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a normal person. Between the responsibility of the occasional drunkard and the irresponsibility of the inebriate there are many grades of quasi-responsibility, the extent of which there is no means of estimating; such fine distinctions must be left for further experience to determine. In the meantime, considerable advance will be made if the irresponsibility for habits, and for offences the results of such habits, is more widely accepted and acted upon, in the case of persons who are definitely inebriate.

“If irresponsibility be acknowledged, or even quasi-responsibility, the argument in favor of treatment as opposed to punishment must be recognized also. It is as illogical to punish an inebriate for an offence due to drunkenness, the while ignoring the motive force that determines the offence, as it would be to attempt the treatment of a disease without previously removing an obvious cause.

THE PREVALENCE OF INEBRIETY “All that is known with any approach to certainty regarding private ‘non-criminal inebriates is that somewhere about 4,000 persons, resident in England and Wales, have submitted themselves to treatment in licensed and unlicensed homes, or have endeavored to find relief by resort to some of the best-known cures during the last three years. Knowing the vast number of persons who make enquiry regarding the conditions that govern admissions to institutions, and go no further with the matter for financial or other reasons, it is unlikely that this figure represents more than a quarter of those who are qualified for treatment. Most of the managers of Retreats, and homes for inebriates of all kinds, maintain that not more than 1 out of every 10 or 12 persons who apply for particulars is subsequently admitted. Accepting the first suggestion as more probably correct, and as more likely to understate than overstate the case, a round figure of about 16,000 is obtained, which is as close an estimate as circumstances permit.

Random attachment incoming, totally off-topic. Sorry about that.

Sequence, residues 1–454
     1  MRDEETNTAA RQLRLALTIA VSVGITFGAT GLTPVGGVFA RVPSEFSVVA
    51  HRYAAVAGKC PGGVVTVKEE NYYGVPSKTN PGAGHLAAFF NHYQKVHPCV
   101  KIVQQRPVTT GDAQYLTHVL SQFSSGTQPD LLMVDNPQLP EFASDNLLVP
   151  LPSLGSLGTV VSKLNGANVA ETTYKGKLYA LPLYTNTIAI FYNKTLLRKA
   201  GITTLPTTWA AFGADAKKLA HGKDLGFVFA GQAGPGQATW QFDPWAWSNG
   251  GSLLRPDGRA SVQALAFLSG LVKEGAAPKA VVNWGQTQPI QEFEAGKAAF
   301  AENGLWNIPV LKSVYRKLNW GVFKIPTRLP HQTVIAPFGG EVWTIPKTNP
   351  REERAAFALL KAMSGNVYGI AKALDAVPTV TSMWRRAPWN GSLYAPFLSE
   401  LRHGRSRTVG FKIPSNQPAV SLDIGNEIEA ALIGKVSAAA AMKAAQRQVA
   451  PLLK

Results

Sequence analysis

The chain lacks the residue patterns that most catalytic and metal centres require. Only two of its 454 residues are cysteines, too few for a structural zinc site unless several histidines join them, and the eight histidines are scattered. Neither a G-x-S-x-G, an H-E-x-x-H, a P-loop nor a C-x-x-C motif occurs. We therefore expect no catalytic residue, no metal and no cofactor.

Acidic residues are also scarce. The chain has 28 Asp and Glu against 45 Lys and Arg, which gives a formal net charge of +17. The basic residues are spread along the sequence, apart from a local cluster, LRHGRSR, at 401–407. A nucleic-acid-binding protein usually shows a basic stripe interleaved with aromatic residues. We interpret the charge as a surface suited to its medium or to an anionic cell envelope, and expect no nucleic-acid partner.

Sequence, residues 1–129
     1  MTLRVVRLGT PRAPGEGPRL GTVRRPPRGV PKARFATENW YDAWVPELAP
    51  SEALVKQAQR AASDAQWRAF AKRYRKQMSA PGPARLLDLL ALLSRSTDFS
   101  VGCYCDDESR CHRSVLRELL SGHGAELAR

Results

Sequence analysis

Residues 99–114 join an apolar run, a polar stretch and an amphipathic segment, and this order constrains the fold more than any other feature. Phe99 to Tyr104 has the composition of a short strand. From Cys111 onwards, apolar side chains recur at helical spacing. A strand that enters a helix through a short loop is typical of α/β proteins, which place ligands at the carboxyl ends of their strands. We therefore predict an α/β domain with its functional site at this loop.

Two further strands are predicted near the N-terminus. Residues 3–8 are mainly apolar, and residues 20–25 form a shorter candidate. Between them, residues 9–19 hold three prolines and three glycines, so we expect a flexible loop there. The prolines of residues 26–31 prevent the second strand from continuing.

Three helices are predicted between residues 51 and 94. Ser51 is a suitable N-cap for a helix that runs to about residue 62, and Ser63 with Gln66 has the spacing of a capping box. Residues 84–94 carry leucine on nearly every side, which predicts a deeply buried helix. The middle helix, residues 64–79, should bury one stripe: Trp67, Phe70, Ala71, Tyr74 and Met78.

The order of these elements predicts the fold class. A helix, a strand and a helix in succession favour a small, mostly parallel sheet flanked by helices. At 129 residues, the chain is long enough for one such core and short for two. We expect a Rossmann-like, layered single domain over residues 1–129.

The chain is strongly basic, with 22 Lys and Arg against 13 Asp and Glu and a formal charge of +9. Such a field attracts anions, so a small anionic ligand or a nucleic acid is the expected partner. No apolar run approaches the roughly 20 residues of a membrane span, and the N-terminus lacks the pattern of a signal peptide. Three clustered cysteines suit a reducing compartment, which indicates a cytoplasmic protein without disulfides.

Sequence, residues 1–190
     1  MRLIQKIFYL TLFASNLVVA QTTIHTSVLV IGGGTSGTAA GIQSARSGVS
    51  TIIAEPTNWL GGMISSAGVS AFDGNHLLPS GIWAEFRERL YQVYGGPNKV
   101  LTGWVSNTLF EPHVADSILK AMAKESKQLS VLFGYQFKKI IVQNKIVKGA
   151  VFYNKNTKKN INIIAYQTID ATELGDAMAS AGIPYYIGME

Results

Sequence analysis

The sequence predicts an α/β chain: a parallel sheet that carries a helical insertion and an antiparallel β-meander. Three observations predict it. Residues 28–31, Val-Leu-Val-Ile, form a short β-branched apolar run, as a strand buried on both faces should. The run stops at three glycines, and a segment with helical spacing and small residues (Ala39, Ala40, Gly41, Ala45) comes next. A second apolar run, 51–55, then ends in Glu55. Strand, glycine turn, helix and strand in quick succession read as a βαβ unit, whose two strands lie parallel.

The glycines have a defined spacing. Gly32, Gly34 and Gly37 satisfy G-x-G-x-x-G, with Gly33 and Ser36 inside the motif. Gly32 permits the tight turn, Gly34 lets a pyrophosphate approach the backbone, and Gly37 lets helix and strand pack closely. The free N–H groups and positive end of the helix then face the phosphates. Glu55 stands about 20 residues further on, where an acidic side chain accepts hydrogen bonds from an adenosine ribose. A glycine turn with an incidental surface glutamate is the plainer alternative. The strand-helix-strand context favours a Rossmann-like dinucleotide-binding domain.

"Turning now to the lower class inebriates, those who commit offences as the result of their habits, and are constantly in and out of prison in consequence, the facilities for estimate are not much greater.

“The Metropolitan Police Authority is the only one in the kingdom that makes any effort to separate inebriates from occasional drunkards, and this is only attempted (at present) in the case of women. During the three years ended December 31st, 1912, about


2,500 names of such women were recorded. It is therefore known that at least this number of women inebriates qualified for committal to Reformatories are in the Metropolitan Police District. How the number of male persons of similar type would compare with this it is difficult to say; it would probably be much smaller, as the drunken recidivist man is not so common as the recidivist woman. It is true that the number of men convicted at police courts usually equals and often exceeds the number of women; but, the fact that occasional drunkenness is more common in men than in women must be taken into full consideration.

“If to the 2,500 known women inebriates a further 1,500 men be added, an approximate 4,000 of both sexes is obtained, as the figure probably representing the number of London inebriates of the recidivist police court type. This number is equal to about i in 1,130 of the total population of the County of London and would seem to indicate the probability that about 32,000 of the same class can be found in England and Wales.

“This seems to indicate roughly that there are about 48,000 inebriates, of all classes, in England and Wales at the present time (about 1.42 per 1,000 of the population), of which number about 16,000 are persons in private life-whose habits have not led to conviction in police courts-and 32,000 known to have criminal or disorderly. tendency. Dealing in round figures this means, in relation to total population, approximately 5 per 1,000 of the former and I per 1,000 of the latter."


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The general impression throughout the country is, that the criminal class is extremely numerous and dangerous. What are actually the facts? That in no community is there more than one individual in ten thousand in prison or in jail for any offense; that the percentage of criminals, so far as can be estimated, in no instance runs above five in the thousand, and yet we are legislating against a mere one-half of one per cent., as if the whole stability of society was in danger unless we crushed the criminal out of existence.